# Population Class 8 Geography Notes Maharashtra Board

## Population Class 8 Geography Notes Maharashtra State Board

Several factors are responsible for the development of a region. Out of these, population is an important factor. While studying the population of any region, the following aspects have to be considered.

• Population Growth
• Population Distribution
• Population Density
• Structure of Population

Population Growth:
From the above exercise, it can be seen that there is a constant change in the population of a region. Sometimes there is a decrease in population and at other times there is an increase. This increase or decrease is related to the following factors.

• Birth Rate: The number of live births per one thousand people in a year shows the birth rate.
• Death Rate: The number of deaths per one thousand people in a year, shows the death rate.
• Life Expectancy: The average lifespan of an individual expected in an area at the time of birth.
• Migration: The movement of an individual or a group out of an area or into an area is called migration. When people move into a region from outside, for residence, it is called in migration and when people move out of a region for residential purposes it is called out-migration.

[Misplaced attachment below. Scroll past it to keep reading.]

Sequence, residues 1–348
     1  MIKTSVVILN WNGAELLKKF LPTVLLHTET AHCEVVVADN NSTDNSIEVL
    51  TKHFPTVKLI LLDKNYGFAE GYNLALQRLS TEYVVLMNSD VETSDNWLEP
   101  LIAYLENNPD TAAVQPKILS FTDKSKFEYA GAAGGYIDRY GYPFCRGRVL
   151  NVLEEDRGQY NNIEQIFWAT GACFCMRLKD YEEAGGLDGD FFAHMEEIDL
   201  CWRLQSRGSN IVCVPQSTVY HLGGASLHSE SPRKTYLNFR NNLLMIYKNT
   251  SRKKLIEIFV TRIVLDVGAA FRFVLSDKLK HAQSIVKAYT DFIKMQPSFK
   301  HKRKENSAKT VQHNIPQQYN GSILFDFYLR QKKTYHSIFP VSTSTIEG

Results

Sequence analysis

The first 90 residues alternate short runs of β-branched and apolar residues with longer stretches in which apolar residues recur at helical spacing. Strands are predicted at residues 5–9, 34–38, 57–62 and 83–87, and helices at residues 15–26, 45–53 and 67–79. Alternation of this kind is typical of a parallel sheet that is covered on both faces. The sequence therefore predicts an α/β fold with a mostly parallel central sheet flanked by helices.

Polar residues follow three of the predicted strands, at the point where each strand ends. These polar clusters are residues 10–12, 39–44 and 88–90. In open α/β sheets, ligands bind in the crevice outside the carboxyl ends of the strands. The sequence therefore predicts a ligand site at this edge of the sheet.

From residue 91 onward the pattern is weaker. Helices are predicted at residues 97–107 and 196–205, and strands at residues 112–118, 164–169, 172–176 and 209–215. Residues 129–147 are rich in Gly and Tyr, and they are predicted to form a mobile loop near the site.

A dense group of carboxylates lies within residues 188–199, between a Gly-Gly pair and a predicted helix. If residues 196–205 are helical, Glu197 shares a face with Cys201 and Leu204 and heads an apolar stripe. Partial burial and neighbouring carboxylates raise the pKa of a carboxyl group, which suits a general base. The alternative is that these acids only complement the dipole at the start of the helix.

All the above factors affect the population growth. The difference between the birth rate and the death rate is responsible for the natural population changes. Similarly, the migration of an individual or a group constantly results in the change of population. The unchecked growth of the population puts pressure on the resources of a region. On the other hand, a controlled growth of the population will lead to the availability of resources in the right proportion. A controlled population is an indicator of the development of a region.

Take about 100 grains of black-eyed beans (chawali). First, scatter these beans on a square of 30 × 30 cm. Now scatter 100 more beans on a square of 15 × 15 cm. While scattering the grains take care to see that the grains do not touch one another or pile up one on top of the other.

Distribution of Population:
When the grains of chawali are scattered over two areas of different sizes, in the larger area, the distribution appears sparse. Similarly, we can understand the distribution of population in a region. Some regions are mountainous while others are flat plains. Geographical conditions vary. Some regions are well endowed with natural resources, while others have limited resources. These conditions affect the distribution of the population. In areas with abundant resources, naturally, the population is larger. In these areas, there is dense population distribution. In areas with scarce resources, unfavorable climates, undulating terrain, etc. the population, distribution is sparse.